Alex J. Cavanaugh
is hosting the First Loves Blogfest today where we are asked to write about the first movie, first song/band, first book, and first person we ever loved. Be sure to visit Alex's site to read from this eclectic group of authors and bloggers.
The first movie that I fell in love with was The Sound of Music
. I remember going to the theater to see it twice with my family, and once we even had to sit in the first row. I still remember the words to many of the songs, and loved the chemistry between Christopher Plummer and Julie Andrews. At the time, I probably wasn't old enough to appreciate much more than "Do-Re-Mi," and the spectacular color images projected on the large screen. My memory is a compilation of all the additional TV viewings.
While many ten year old girls were swooning over David Cassidy, Bobby Sherman
serenaded me with, "Julie Do You Love Me?"
I remember rummaging through Tiger Beat magazine looking for Bobby Sherman posters. My classmates were either David Cassidy or Bobby Sherman fans, and Bobby's side part and personalized love song made him the clear choice.
A few years later, the side part sprouted facial hair, and dimples. Freddie Prinze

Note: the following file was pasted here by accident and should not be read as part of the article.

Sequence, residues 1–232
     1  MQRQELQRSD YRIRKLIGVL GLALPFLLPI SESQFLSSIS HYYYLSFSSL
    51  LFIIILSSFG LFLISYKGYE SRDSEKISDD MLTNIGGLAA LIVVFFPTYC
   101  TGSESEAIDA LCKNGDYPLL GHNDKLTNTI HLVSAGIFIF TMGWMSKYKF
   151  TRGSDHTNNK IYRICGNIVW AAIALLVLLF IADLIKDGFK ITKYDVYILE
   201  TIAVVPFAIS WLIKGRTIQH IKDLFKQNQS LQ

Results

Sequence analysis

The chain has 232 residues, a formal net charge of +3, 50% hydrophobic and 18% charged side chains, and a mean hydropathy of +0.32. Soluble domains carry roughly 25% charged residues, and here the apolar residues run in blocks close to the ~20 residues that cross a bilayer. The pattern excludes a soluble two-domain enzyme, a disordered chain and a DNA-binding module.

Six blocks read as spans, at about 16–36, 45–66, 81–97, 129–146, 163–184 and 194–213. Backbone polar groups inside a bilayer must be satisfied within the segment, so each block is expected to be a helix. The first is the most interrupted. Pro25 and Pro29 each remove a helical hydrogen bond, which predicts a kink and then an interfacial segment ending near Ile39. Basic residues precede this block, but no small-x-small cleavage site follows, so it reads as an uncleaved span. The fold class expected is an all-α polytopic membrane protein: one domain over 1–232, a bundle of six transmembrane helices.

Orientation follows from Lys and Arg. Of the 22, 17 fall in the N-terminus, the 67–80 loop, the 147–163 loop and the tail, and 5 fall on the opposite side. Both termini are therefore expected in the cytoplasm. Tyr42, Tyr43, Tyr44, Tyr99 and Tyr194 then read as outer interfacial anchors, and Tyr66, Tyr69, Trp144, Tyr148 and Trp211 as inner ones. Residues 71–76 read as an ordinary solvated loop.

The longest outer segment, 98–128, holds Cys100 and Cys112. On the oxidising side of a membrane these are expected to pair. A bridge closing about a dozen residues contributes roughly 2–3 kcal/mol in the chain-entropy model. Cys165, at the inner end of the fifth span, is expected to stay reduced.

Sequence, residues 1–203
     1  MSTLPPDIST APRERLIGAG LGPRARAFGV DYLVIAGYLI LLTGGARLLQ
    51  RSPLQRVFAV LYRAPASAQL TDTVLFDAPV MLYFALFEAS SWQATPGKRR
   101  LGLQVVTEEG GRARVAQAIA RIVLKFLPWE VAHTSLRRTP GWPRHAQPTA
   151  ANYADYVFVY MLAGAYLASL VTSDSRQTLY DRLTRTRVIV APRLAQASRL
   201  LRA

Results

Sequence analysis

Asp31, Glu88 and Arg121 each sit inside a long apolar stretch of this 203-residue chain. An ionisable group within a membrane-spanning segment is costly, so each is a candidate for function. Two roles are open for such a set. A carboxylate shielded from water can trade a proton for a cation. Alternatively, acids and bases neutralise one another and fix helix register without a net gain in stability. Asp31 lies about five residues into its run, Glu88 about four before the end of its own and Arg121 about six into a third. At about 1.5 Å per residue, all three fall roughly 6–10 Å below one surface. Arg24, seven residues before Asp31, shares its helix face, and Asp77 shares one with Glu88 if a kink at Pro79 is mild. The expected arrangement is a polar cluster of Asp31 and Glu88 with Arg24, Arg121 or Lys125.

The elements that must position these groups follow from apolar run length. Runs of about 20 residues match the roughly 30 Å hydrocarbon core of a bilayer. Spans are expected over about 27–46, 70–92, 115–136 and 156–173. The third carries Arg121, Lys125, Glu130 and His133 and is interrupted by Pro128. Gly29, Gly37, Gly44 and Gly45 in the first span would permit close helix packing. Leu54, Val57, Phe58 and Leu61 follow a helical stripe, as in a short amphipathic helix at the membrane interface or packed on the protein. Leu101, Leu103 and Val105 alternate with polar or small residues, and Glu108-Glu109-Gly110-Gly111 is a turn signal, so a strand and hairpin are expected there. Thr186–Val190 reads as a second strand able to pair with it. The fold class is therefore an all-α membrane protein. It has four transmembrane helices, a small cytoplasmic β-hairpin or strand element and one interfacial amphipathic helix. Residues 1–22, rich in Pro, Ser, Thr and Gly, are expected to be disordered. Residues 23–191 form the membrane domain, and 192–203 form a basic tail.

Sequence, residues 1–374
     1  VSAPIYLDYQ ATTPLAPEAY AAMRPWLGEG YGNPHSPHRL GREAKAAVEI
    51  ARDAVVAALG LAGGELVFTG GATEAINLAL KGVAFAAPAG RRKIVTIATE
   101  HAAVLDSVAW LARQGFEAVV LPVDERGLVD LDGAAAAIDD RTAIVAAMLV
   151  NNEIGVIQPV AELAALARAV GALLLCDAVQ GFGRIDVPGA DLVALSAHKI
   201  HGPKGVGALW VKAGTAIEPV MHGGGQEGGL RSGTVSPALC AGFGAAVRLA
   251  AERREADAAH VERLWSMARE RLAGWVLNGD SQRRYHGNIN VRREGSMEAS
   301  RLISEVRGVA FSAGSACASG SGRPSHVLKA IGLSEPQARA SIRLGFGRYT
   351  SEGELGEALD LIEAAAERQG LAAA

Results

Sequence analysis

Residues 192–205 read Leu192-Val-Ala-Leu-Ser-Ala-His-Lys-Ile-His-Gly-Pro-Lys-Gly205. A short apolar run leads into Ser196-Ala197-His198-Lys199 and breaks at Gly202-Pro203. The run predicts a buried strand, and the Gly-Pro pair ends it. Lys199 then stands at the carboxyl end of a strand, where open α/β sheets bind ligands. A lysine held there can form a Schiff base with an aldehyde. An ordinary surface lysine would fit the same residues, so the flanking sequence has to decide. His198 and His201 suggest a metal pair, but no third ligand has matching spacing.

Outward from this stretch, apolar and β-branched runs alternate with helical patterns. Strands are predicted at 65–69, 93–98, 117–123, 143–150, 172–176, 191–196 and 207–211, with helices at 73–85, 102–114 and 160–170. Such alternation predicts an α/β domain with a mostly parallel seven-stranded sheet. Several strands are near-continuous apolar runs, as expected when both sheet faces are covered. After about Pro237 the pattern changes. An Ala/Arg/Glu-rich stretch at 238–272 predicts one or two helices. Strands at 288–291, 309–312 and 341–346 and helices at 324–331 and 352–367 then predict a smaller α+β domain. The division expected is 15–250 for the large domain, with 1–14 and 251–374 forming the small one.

didn't sing, but every time he said "That's not my job" on Chico And The Man was music to my ears. My parents surprised me for my birthday by taking us to see his comedy act at a theater in the round. I was so excited to be seated just a few rows away from him. Sadly, he died about a year later.
The first book that I remember being able to relate to was Beverly Cleary's Ellen Tebbits
. It was a comic look through a third grader's perspective about whether her teacher liked her, and being accepted by her classmates. I remember how Ellen was embarrassed about changing for ballet class, because her mother made her wear long underwear. Fortunately, she befriended another girl with the same dilemma.
For my first love I could write about the boy in my 5th grade class with an overbite who spent more time trying to classify our relationship than actually have one. We would pass notes back and forth during class about how he wasn't ready to go steady, but was willing to ease into "going friendship." I was more turned on by the fact that he could read my handwriting than anything else. When it came time to take the next step by talking on the phone, he chickened out and our relationship was over before it began.
The following year I decided I preferred older men, and had a huge crush on my sixth grade social studies teacher. He was only twenty two, and we seemed to have a similar sense of humor. I'll never forget when he was discussing a historical case in class about a doctor who lost many of his patients. When he asked if anyone in the class knew why I replied, "Because he didn't wash his hands." Shocked by my response, he asked me to act out a likely scenario.
Hence, I proceeded to pretend I was in an operating room while coughing and sneezing all over my hands. I tried to channel Sarah Bernhardt, but came off more like Carol Burnett. Afterward, he told me how I really surprised him by being the only one in class who knew about the dangers of not washing your hands. Apparently, he had never met my mother.